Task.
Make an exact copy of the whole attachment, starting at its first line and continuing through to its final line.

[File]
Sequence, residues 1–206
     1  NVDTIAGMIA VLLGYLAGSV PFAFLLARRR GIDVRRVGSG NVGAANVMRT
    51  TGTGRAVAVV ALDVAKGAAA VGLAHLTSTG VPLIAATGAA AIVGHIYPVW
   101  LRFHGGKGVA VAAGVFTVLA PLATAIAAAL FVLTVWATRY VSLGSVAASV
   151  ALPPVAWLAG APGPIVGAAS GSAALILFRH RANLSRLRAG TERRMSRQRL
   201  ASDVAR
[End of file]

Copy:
Sequence, residues 1–206
     1  NVDTIAGMIA VLLGYLAGSV PFAFLLARRR GIDVRRVGSG NVGAANVMRT
    51  TGTGRAVAVV ALDVAKGAAA VGLAHLTSTG VPLIAATGAA AIVGHIYPVW
   101  LRFHGGKGVA VAAGVFTVLA PLATAIAAAL FVLTVWATRY VSLGSVAASV
   151  ALPPVAWLAG APGPIVGAAS GSAALILFRH RANLSRLRAG TERRMSRQRL
   201  ASDVAR